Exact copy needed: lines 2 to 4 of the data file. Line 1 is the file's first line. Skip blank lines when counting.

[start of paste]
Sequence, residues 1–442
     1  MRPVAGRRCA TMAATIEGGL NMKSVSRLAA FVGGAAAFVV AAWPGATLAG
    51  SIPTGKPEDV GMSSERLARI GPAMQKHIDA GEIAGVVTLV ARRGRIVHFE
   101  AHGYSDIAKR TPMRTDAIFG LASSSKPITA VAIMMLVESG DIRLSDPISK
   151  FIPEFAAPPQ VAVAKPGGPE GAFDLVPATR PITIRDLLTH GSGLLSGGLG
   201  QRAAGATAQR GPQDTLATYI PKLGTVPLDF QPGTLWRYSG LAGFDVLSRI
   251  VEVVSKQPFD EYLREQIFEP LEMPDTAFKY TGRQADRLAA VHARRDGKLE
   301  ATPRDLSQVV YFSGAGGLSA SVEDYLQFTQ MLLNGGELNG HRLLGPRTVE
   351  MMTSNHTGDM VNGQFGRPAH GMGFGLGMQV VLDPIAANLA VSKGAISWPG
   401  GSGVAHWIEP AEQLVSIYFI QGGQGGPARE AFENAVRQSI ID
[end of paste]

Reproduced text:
     1  MRPVAGRRCA TMAATIEGGL NMKSVSRLAA FVGGAAAFVV AAWPGATLAG
    51  SIPTGKPEDV GMSSERLARI GPAMQKHIDA GEIAGVVTLV ARRGRIVHFE
   101  AHGYSDIAKR TPMRTDAIFG LASSSKPITA VAIMMLVESG DIRLSDPISK